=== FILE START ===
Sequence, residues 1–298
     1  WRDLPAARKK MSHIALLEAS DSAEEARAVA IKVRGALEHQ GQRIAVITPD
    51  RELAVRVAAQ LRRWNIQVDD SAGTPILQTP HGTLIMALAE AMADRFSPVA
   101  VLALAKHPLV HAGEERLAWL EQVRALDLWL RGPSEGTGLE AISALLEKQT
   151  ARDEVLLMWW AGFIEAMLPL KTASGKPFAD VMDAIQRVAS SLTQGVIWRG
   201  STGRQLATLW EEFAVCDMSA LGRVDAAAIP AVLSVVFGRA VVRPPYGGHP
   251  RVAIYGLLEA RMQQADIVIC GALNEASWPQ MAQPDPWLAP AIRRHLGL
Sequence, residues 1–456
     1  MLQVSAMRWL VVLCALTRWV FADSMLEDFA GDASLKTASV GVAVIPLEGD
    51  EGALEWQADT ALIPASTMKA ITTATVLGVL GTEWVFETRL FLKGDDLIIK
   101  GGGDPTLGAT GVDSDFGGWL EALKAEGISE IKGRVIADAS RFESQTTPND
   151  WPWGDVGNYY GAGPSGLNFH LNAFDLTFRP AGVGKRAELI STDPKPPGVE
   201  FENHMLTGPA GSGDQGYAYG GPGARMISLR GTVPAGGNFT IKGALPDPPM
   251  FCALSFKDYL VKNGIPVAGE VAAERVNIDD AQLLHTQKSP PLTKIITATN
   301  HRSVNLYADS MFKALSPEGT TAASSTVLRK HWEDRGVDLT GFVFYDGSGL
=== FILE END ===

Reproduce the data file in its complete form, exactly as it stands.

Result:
Sequence, residues 1–298
     1  WRDLPAARKK MSHIALLEAS DSAEEARAVA IKVRGALEHQ GQRIAVITPD
    51  RELAVRVAAQ LRRWNIQVDD SAGTPILQTP HGTLIMALAE AMADRFSPVA
   101  VLALAKHPLV HAGEERLAWL EQVRALDLWL RGPSEGTGLE AISALLEKQT
   151  ARDEVLLMWW AGFIEAMLPL KTASGKPFAD VMDAIQRVAS SLTQGVIWRG
   201  STGRQLATLW EEFAVCDMSA LGRVDAAAIP AVLSVVFGRA VVRPPYGGHP
   251  RVAIYGLLEA RMQQADIVIC GALNEASWPQ MAQPDPWLAP AIRRHLGL
Sequence, residues 1–456
     1  MLQVSAMRWL VVLCALTRWV FADSMLEDFA GDASLKTASV GVAVIPLEGD
    51  EGALEWQADT ALIPASTMKA ITTATVLGVL GTEWVFETRL FLKGDDLIIK
   101  GGGDPTLGAT GVDSDFGGWL EALKAEGISE IKGRVIADAS RFESQTTPND
   151  WPWGDVGNYY GAGPSGLNFH LNAFDLTFRP AGVGKRAELI STDPKPPGVE
   201  FENHMLTGPA GSGDQGYAYG GPGARMISLR GTVPAGGNFT IKGALPDPPM
   251  FCALSFKDYL VKNGIPVAGE VAAERVNIDD AQLLHTQKSP PLTKIITATN
   301  HRSVNLYADS MFKALSPEGT TAASSTVLRK HWEDRGVDLT GFVFYDGSGL